Editorial, Life Science Network
What are the factors driving change within the Autoimmune Disease IVD market?
Autoimmune diseases affect more people than cancer yet receive just a fraction of the financial investment by comparison. In the US alone, 50 million people are estimated to have been diagnosed with an autoimmune disease. However as autoimmune diseases present with a complex array of symptoms, often overlapping, or mimicking similar diseases, there are many that have yet to receive a diagnosis at all. Due to a previous lack of novel diagnostic technology, clinicians have been forced to rely upon insufficient diagnostic criteria or in vitro diagnostics (IVDs) with limited specificity and/or sensitivity. However, we have reached a stage where the technologies are there to look deeper at the nature of the autoimmune diseases to improve healthcare options and patient outcomes.
So, what are the key factors driving change in this exciting market?
1. Improvements to existing IVDs and better automation: To date autoimmune disease has not been a leading diagnostic market,
nor has it been subject to radical innovation. With much of the instrumentation out there today being variants of instruments
that have been utilised for decades, future changes will likely come from incremental changes and improvements to existing
IVDs, the idenfication of new content for improved assay sensitivity and specificity, or possibly the instruments, to increase
speed and reliability.
Until approximately 2008, the vast majority of the work in diagnostic labs was very manual which was pretty time-inefficient and expensive and required highly skilled laboratory personnel to operate, analyse and troubleshoot each step of the development process. Today, there are companies working to redefine laboratories utilising IVDs for autoimmune disease diagnosis by updating these older laboratory spaces and practices. This can include the installation of fully automated platforms linked to information system software, or closed systems for liquid handling and sample management for more workflow orientated set ups. This has set the standard for IVD R&D, and has enabled research to focus on developing enhanced tests rather than managing processes, while opening up market opportunities in laboratory automation technology.
2. Biomarker discovery, development and commercialization: There are many biomarkers that are, as yet, unknown but would play
a significant role in the correct diagnosis of different autoimmune diseases. As such, it is not an unreaslitic prediction
that the key driving factor for advancement of IVDs for autoimmune diseases will remain tied to the amount invested in new content and the success of new, accurate and predictive biomarkers to compensate for the heterogeneity seen within patients. To avoid the risks associated with novel development, many companies are turning to smaller biotechnology or academic labs that already have a putative IVD or biomarker. Collaborative efforts or licensing agreements like these combine academic research experience, with industry knowledge and experience to effectively bring new tests to the market while reducing the overall costs or risk to any one party. While this is an effective model, the optimisation of this approach and a re-look at the partner/licensing set up could reap greater rewards in the future.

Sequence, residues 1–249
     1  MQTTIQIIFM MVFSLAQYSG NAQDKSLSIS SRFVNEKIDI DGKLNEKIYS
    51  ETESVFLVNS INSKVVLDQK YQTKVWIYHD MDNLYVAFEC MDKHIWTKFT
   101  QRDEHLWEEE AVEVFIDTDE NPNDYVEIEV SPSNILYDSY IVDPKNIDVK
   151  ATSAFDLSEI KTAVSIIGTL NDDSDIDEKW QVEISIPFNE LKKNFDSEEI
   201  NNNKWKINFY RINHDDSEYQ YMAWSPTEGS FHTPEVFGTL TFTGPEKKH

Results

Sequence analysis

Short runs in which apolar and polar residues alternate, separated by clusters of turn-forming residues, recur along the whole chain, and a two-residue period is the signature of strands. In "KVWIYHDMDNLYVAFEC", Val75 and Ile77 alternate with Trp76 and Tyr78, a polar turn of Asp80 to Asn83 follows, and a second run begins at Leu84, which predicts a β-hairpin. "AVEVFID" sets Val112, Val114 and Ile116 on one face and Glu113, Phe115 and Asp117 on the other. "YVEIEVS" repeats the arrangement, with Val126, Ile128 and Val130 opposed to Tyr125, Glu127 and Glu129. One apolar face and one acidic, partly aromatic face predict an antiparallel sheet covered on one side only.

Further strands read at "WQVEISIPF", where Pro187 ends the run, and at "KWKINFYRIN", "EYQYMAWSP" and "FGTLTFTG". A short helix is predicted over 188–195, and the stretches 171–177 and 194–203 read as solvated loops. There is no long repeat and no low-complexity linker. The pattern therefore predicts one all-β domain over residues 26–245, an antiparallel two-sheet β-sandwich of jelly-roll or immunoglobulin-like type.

3. Multimodal, multiplex biomarker panels: There is a clear need for IVDs used in combination to form multi-marker panels.
These offer a much higher degree of specificity and sensitivity, can help to achieve an accurate diagnosis as soon as possible
and additionally facilitate patient stratification through the identification of disease subgroups. In addition to
multi-marker panels, other factors driving change in this market involve an evolution in how current technologies are combined
to create multimodal, multiplex biomarker panels capable of integrating data from multiple sources (e.g. DNA sequence,
epigenetic modification, gene expression, protein expression, protein modification etc.) to better understand the full
phenotype of a disease at the molecular level. Using such a combined approach, new IVDs will need to be able to differentiate
between patients with similar symptoms and overcome their inherently transient nature to provide more personalised diagnostic profiles and subsequent treatment regimens.
The IVDs for the autoimmune diseases market are driven by a need for sensitive and specific biomarkers and an understanding
that we need to focus on better diagnosis of these diseases before devising treatment strategies. Now in autoimmmune diseases
we are at the stage where the technologies are there to look deeper at the nature of the diseases and their individual
pathways for progression. We are just at the beginning of redefining autoimmune disease diagnostics and the potential for change and advancement is signficiant.
To find out more about the factors driving change within the autoimmune disease IVD market and its future direction, download
our free market insight report – ‘IN FOCUS: Insights for the In Vitro Diagnostics for Autoimmune Diseases Market’.